Someone has a daughter who is sick and dying. A Hindu acquaintance of theirs offered the services of her Hindu guru who specializes in curing “black” magic. The parents are desperate, and despite my trying to convince them otherwise, they insist that going to this Hindu guru is halal under their life and death circumstances. What should I tell them?
If one is afflicted with an illness and thus seeks the help of a Hindu or any other non-Muslim because he/she happens to be a qualified expert in the field of treating illnesses; such as a non-Muslim doctor, Hakeem or practitioner, and one merely takes benefit from their medical expertise in this area, then there is nothing wrong with resorting to their treatment. It is similar to a Muslim seeking the aid and help of a qualified non-Muslim barrister.
However, if one resorts to the treatment of a non-Muslim with the belief and conviction that he/she is a pious, Godly, and devout religious person, and that there is great effect in the treatment because of his/her piety; then in such a case, it is unlawful to resort to his/her treatment.
The reason being is that in this case, one considers the healer to be pious and Godly without even being a Muslim, hence it could lead to a person’s faith (iman) becoming weak. One will also be showing respect to the beliefs and values of a non-Muslim healer, which is unlawful.
The third situation is where the non-Muslim treats people from black magic and other illnesses by using spells, charms and amulets that represent disbelief (kufr), or uses spells the meaning of which is unknown. In such a case, it is completely unlawful (haram) for one to resort to this type of treatment, and could even lead one to disbelief.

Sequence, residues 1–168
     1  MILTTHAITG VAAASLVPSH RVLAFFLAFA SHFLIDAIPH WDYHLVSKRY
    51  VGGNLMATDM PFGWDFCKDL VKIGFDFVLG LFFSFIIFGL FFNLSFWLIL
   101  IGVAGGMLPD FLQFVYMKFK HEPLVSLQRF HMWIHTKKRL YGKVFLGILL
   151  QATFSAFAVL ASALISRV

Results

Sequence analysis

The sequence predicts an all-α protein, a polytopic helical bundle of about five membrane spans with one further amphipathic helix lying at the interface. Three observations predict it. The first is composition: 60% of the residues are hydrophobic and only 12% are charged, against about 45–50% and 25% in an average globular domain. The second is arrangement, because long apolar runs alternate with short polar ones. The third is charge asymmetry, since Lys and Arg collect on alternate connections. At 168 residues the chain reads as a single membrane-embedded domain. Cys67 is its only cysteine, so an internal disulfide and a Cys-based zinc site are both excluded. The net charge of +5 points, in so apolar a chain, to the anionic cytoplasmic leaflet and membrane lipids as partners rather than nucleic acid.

The great Hanafi Jurist, Imam Ibn Abidin (Allah have mercy on him) states:
“Using of amulets (ta’wiz) will not be permissible if they are written in a non-Arabic language, in that its meaning is unknown. They may consist of black magic, disbelief or impermissible invocations. However, if they consist of Qur’anic verses or prescribed supplications (duas), then there is nothing wrong with using them.” (Radd al-Muhtar, 6/363)
The reason why non-Arabic charms have been forbidden is because one will be unaware of their meaning; hence it may consist of utterances of disbelief, such as seeking the help of the devil and other such matters.
In other words, there are two things that must be avoided when resorting to the treatment of a non-Muslim:
Firstly, one must not believe the non-Muslim healer to be some Godly and devout person, because of which he/she has the power to heal others.
Secondly, and more importantly, the healing methods employed by the non-Muslim must not constitute any utterances or acts of disbelief (kufr).
Moreover, when it comes to black magic and other similar problems, one should always refer to a pious and upright Muslim who cures people by remaining within the confines of Shari’ah. Such a person (amil) would use invocations from the Qur’an and Sunnah, and amulets that are permissible and based on the Qur’an and Sunnah.
One should also resort to supplicating Allah to remove the illness from one’s self. The recitation of Qur’anic invocations (such as the Mu’awwadhatayn) and those that have been mentioned by the Messenger of Allah (Allah bless him & give him peace) are also very beneficial.
You state that this friend of yours intends to see a Hindu Guru for the treatment of black magic. Hence, in light of the above, if this Guru treats people by using charms connected to his religion, then it would be unlawful for him to seek his treatment. Similarly, it will be wrong to resort to the treatment of this Guru by thinking him to be a devout and Godly person, and that his curing methods are effective due to his devoutness. It will only be permitted to have treatment carried out by him if he merely treats a medical condition and the like.
Explain to your friend that there are many lawful ways and means in order to cure their daughter from black magic. Cure is only in the Hands of Allah Almighty, hence there is no logic in trying to cure illness by disobeying Allah to the point that one comes close to acts of disbelief.
And Allah knows best
[Mufti] Muhammad ibn Adam
Leicester , UK